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C Vu, YY Ng
Correspondence: Dr Charles Vu, Charles_Vu@notes.ttsh.gov.sg
Introduction High Helicobacter pylori (H. pylori) prevalence is well documented among peptic ulcer patients. However, there have been recent reports of declining H. pylori infection rates in developed countries. Based on previous local data in a different hospital, H. pylori prevalence was 66% in gastric ulcer, 86% in duodenal ulcer and 75% in combined gastric and duodenal ulcers. Our present study aims to review the recent H. pylori prevalence in peptic ulcer patients in a Singapore hospital. H. pylori infection rate in relation to sex, age, non-steroidal anti-inflammatory drug (NSAID) use and race were also examined.
Methods Over a 6-month period, patients diagnosed with peptic ulcer by oesophagogastroduodenoscopy were selected. Relevant information was obtained from case notes retrieved from the Medical Records Office. H. pylori status was assessed by rapid urease test (CLOtest) and/or histology. Exclusion criteria were(1) history of peptic ulcer(2), active bleeding(3), cancer or(4) recent use of antibiotics or proton pump inhibitors.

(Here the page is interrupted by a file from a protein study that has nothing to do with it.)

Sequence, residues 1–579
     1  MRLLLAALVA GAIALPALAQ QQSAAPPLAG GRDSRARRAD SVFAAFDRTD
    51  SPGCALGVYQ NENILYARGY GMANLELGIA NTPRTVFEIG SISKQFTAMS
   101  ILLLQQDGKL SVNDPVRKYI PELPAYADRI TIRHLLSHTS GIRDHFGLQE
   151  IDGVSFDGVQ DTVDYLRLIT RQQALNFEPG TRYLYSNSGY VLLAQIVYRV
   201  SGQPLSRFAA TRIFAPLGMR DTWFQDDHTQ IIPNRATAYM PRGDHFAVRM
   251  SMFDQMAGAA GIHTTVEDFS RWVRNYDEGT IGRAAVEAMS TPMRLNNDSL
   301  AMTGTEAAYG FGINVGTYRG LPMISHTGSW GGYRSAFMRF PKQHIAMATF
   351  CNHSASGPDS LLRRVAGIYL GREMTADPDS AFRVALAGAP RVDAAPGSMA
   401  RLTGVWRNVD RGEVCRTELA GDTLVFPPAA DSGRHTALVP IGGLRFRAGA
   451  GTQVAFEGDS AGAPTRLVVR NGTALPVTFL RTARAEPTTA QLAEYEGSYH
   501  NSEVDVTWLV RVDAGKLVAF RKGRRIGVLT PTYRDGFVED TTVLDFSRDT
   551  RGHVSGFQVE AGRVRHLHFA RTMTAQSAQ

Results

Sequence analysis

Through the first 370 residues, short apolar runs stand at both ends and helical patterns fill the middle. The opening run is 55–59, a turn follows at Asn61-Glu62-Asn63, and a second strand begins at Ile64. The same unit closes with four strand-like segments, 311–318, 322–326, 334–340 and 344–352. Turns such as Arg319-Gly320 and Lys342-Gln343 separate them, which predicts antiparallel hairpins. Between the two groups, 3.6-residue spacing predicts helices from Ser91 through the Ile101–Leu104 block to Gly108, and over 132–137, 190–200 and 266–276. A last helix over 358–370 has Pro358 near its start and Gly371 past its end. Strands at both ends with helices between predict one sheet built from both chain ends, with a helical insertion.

Results 107 peptic ulcer patients were selected; 53 gastric ulcer, 47 duodenal ulcer and 7 with combined gastric and duodenal ulcers. Overall H. pylori prevalence was 67.9%(36/53), 85.1%(40/47) and 85.7%(6/7) respectively. Except for the gender variable in gastric ulcer group, age, race and NSAID use was not found to influence H. pylori prevalence.
Conclusion The prevalence of H. pylori among our peptic ulcer patients is slightly lower compared to overseas studies but the local trend,when compared indirectly to another previous local study did not appear to have changed much. Reasons for the lower H. pylori infection rate in comparison to overseas studies are discussed. The lower H. pylori prevalence among female gastric ulcer patients may be due to the higher prevalence of NSAID use.
Keywords: Helicobacter pylori, peptic ulcer, prevalence, Singapore
Singapore Med J 2000; 41(10): 478-481